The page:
The State Government committed funding for disability services five years ago under the Stronger Together program, but money for the next five years has not been included in the forward estimates of the next budget.
Times of India: Sleep disturbances ups work disability:
A new study, conducted by the Finnish Institute of Occupational Health in collaboration with the universities of Turku and London, has revealed that sleep disturbances increase the risk of work disability and may slow the return to work process.
That’s all for this time. Send your links to recreading[@]disabledfeminists[.]com. Let us know if/how you want to be credited.
If you’re a disabled voter in California and you encounter problems at the polls on 2 November, Disability Rights California wants to hear about it!
VOTE Tuesday, November 2, 2010!
If you are an individual with a disability and encounter problems such as
- Accessing your polling place
- Voting Privately and Independently
- Casting your vote
For assistance in languages other than English and Spanish, you may be put on hold while we connect with interpreters.
You can spread the word about this service by sharing this voting flyer (pdf) or (rtf). The flyer is also avilable in Spanish (pdf) #F001.02,Korean (pdf) #F001.03, Chinese (pdf) #F001.04, Vietnamese (pdf)#F001.05, and Russian (pdf) #F001.07.
Gentle reader, be cautioned: comments sections on mainstream media sites tend to not be safe and we here at FWD/Forward don’t necessarily endorse all the opinions in these pieces. Let’s jump right in, shall we?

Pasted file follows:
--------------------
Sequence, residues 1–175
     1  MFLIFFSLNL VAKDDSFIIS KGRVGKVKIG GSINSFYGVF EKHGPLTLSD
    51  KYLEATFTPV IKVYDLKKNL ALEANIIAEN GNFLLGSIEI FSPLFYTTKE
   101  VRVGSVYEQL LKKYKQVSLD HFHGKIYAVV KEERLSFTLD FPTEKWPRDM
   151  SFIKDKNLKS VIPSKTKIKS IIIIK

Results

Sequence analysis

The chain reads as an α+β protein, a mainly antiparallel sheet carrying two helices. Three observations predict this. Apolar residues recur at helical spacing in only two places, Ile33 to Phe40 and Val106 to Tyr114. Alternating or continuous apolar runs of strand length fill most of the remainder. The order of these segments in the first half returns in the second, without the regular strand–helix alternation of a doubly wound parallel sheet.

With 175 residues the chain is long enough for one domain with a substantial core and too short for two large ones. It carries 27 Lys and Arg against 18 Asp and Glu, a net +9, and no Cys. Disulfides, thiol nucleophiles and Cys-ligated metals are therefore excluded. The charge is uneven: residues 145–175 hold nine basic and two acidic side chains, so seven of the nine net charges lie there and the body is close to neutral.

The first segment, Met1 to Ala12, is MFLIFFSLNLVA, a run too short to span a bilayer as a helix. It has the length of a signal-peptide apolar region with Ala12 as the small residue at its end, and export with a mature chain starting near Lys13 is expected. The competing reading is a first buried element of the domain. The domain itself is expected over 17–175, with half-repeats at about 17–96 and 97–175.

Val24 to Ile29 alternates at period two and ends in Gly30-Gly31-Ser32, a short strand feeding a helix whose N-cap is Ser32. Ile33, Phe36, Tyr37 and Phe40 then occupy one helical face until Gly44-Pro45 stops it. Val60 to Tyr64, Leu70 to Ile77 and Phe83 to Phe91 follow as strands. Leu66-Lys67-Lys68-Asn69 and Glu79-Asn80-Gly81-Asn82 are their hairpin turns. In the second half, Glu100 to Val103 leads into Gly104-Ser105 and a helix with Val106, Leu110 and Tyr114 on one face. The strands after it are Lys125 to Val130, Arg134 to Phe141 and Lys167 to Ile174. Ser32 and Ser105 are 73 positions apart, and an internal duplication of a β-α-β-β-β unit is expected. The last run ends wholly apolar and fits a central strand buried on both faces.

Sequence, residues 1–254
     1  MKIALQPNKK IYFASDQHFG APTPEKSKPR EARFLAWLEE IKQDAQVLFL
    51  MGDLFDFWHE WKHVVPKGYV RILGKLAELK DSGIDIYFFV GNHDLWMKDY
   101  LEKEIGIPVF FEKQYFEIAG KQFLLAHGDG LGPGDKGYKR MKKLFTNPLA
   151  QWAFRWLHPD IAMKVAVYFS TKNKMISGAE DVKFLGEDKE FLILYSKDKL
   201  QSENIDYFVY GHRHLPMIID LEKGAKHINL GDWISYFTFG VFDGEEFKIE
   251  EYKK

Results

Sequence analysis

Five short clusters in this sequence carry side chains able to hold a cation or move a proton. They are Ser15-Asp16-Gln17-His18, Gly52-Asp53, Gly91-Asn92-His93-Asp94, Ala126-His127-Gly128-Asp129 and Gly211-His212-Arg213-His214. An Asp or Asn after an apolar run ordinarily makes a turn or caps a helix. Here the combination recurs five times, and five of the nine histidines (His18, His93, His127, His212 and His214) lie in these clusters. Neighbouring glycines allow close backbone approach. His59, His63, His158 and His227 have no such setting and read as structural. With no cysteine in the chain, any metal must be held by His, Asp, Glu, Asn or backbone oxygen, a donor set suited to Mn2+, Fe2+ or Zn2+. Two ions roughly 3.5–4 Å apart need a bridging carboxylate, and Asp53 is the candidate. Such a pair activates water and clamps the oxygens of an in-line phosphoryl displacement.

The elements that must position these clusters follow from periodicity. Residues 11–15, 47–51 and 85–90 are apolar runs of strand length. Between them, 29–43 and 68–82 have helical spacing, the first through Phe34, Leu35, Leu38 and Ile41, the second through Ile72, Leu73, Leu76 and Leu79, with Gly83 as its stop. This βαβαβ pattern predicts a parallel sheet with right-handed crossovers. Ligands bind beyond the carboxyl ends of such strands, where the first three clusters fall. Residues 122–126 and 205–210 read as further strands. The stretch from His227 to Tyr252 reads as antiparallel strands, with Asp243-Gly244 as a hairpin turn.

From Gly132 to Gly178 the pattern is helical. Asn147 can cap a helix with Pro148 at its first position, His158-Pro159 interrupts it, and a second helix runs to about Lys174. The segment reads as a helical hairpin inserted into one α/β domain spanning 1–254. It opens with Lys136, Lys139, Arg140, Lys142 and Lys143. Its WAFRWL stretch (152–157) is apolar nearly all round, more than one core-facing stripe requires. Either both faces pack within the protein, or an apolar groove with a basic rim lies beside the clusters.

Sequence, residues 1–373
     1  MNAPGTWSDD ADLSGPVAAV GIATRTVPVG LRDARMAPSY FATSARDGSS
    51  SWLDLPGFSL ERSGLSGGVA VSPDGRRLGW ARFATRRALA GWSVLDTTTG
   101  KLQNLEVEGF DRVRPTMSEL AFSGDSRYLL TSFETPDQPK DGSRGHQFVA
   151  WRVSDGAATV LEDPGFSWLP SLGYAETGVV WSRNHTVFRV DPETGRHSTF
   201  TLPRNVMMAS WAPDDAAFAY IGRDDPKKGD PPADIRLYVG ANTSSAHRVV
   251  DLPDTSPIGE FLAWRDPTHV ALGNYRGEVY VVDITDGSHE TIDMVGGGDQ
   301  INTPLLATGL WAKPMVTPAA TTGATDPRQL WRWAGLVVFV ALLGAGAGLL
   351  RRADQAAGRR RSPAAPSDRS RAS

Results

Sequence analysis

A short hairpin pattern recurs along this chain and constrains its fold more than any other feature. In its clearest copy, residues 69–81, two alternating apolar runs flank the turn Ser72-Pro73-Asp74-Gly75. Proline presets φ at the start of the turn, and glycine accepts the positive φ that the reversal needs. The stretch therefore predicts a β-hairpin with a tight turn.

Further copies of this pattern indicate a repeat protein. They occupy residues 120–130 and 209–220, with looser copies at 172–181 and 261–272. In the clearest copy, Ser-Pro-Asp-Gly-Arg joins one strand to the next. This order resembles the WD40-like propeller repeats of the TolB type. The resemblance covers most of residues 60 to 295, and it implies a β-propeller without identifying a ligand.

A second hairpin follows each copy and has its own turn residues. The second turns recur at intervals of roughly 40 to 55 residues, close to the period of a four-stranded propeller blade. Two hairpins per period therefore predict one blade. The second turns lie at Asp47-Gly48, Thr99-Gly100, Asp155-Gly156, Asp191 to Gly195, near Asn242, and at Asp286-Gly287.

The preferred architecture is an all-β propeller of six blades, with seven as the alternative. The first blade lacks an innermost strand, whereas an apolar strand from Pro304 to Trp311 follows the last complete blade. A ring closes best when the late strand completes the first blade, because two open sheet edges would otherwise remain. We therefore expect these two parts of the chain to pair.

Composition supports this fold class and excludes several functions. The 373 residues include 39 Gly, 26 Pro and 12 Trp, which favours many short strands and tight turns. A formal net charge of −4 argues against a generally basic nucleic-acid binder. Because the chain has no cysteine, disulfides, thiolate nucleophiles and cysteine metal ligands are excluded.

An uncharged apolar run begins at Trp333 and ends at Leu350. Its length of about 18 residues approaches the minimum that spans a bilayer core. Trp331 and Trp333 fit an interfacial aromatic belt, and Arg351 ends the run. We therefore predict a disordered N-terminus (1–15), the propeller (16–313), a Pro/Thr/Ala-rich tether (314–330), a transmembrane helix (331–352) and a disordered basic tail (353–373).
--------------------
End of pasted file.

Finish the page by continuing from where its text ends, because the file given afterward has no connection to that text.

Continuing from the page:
United Kingdom: ESA: It Doesn’t Add Up by lilwatchergirl at Through Myself and Back Again.
No wonder there’s so much anxiety around the ESA medical assessments. Anxiety that won’t help those who already have long-term illnesses, or mental health problems, or acute life-threatening conditions – or who are already living in fear and poverty as a result of the War on Welfare Claimants.
When Persistence Pays Off by Emma/Writer In A Wheelchair at Disability Voices.
I’d love to think that they’ve done this just because of my complaints but I’m not naive enough to do so – and I know I’m not the only person whose had those problems. But it’s a definite example of why complaining, campaigning and advocacy are so important. And what happens when your persistent – because it really can pay off.
Statistics on Accessible Tourism – a Continuing Issue by Ivor Ambrose, guest posting at Access Tourism NZ.
One of the most Frequently Asked Questions posed by business owners and tourist agencies is: “How many disabled tourists are there”? And then there is the more probing question: “So, if it is not just about disabled people, how many people actually need better access, and what kind of things do they need?”.
Canada: Ottawa makes voting easier for disabled from CBC News.